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Agile Transformation … Learning What Doesn’t Work Is The Key To Success

Dave Prior Senior Consultant/CST-CRM Specialist
Reading: Agile Transformation … Learning What Doesn’t Work Is The Key To Success

I was teaching a private class a few weeks ago and a student in the class mentioned that his company had “already failed at Agile three different times.”

The way the statement was phrased really struck me. It made me very aware of my own opinions about Agile adoption and taught me a little about how this particular student, and possibly the organization, felt about adopting Agile.

What struck me was how easily the previous efforts were declared failures. If they truly had failed, there was no way I’d have been in the room teaching a private CSM class. It is possible that the company did not fully reach the perfect state of Agile nirvana and was not able to enjoy the bliss of a friction-less work environment populated with completely realized, high-performing teams of enlightened humans who delivered shippable product every sprint in a self-organized, cross-functional manner. Instead, they learned how not to transform the company… which is not a bad thing, because every misstep gets them one step closer to the solution that will open the lock (or at least a part of it.)

I have not failed. I’ve just found 10,000 ways that won’t work.
~Thomas Edison

Let’s say you have a guy who loves to sit on the couch binge watching old TV shows while jamming Ho Hos and Mountain Dew down his throat all day. He hears about people running marathons and decides this is for him. He goes to the mall… buys some expensive running shoes, a sweat suit, special moisture wicking socks… the whole bit. Then he stops by the “24 Hour Buffness” gym (which, shockingly is having a new membership special) and he signs up for a yearly membership. Then he goes home, puts on his new running shoes with the special moisture wicking socks, his new track suit, grabs his 24 Hour Buffness Membership Card, plops himself down on the couch, cracks open 1a3fa-rockford_filesa fresh can of Mountain Dew and a brand new Ho Ho. Then he fires up Netflix and puts on The Rockford Files, Season 5, Episode 4… The one where Tom Selleck guest stars as horribly annoying Lance White. Two days and 12 episodes later, our man realizes he’s not been to the gym, is not in shape, but seems to have consumed his weight in Ho Ho’s. If you ask him about it, he’ll explain how his situation is different, he can’t just start exercising like everyone else, The Rockford Files is not going to watch itself and let’s face it, that Lance White episode is a critical moment in Detective TV History. No Lance White, no Magnum. No Magnum, no Simon and Simon/Magnum mash-up episode… and then where would we be?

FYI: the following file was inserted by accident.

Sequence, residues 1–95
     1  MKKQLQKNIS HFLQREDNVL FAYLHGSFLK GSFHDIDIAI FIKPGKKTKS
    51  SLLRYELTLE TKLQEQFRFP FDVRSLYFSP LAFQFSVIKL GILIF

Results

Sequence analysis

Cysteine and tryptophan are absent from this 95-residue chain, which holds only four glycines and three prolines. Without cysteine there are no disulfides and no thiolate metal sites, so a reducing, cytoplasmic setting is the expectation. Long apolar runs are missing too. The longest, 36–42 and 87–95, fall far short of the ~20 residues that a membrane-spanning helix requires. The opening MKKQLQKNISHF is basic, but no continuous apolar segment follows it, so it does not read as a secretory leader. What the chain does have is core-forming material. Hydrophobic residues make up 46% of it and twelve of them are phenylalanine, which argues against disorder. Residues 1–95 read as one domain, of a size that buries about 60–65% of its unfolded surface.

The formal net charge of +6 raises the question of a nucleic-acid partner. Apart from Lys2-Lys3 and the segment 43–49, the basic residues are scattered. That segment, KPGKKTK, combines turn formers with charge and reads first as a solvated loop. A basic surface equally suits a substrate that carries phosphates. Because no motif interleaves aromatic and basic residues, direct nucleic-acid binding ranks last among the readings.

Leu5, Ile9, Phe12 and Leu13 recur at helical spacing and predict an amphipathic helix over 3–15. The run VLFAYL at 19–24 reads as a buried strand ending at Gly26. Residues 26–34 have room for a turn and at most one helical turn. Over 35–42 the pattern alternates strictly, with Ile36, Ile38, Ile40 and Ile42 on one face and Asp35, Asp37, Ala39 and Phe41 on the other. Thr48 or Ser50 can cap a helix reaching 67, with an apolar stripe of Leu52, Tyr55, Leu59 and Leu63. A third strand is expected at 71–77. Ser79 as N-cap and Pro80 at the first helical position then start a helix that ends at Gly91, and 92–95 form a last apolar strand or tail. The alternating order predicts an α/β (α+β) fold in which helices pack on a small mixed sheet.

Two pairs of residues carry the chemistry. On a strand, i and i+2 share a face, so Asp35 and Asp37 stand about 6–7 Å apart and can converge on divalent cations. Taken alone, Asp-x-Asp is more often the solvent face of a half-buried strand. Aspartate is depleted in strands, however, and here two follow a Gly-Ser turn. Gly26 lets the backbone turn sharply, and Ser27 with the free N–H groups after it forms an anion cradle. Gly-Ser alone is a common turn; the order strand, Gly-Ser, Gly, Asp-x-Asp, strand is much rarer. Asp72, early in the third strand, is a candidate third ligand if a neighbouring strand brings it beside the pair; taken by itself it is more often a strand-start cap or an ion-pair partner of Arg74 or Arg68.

The real question is, has the “get in shape and run a marathon” project f2961982487_9b50b93f4bailed at this point? Or has he just not figured out the right way to get him motivated to change his lifestyle yet?

Now… imagine you had a building with 1,000 people just like him. Has the entire building failed? No… we just haven’t figured out the right way to make it work yet.

Change of any kind is difficult. Just because it doesn’t completely stick on the first try doesn’t mean it has failed or it didn’t work. It just means you did not figure out how to make it work YET.

And if you happen to work in an organization that has coaching and/or training for Agile, take that as a very positive sign. If the organization is willing to commit at that level, it’s a very good start. There are many places out there that are still convinced they don’t need help figuring this out.

Whether you want to call it transformation, adoption, “Project Nimble”, or whatever… the journey from a traditional approach to Agile is a long one. Transformation has to occur at multiple levels and it requires deep change to work practices and work culture. It may not happen all at once, it may be too tall of an order to just completely go Agile all at once. You may need to do it in stages (Basecamps). Your organization, like many others, may go through a number of attempts before things begin to stick.

If you know the old way doesn’t work, you have to make a choice. This choice takes place at an individual as well as an organizational level. Do you want to keep working in the old way, with annoying, but familiar pain? Or do you want to take a chance at trying something different that just might offer you a path to a better world of work? If you want the latter, you need to be willing to work for it, be patient and commit to keeping at it until you reach your goals. And, like any good sales person will tell you, No just means you haven’t figured out the right way to ask the question yet. When you do find it, they’ll say, “Yes”.

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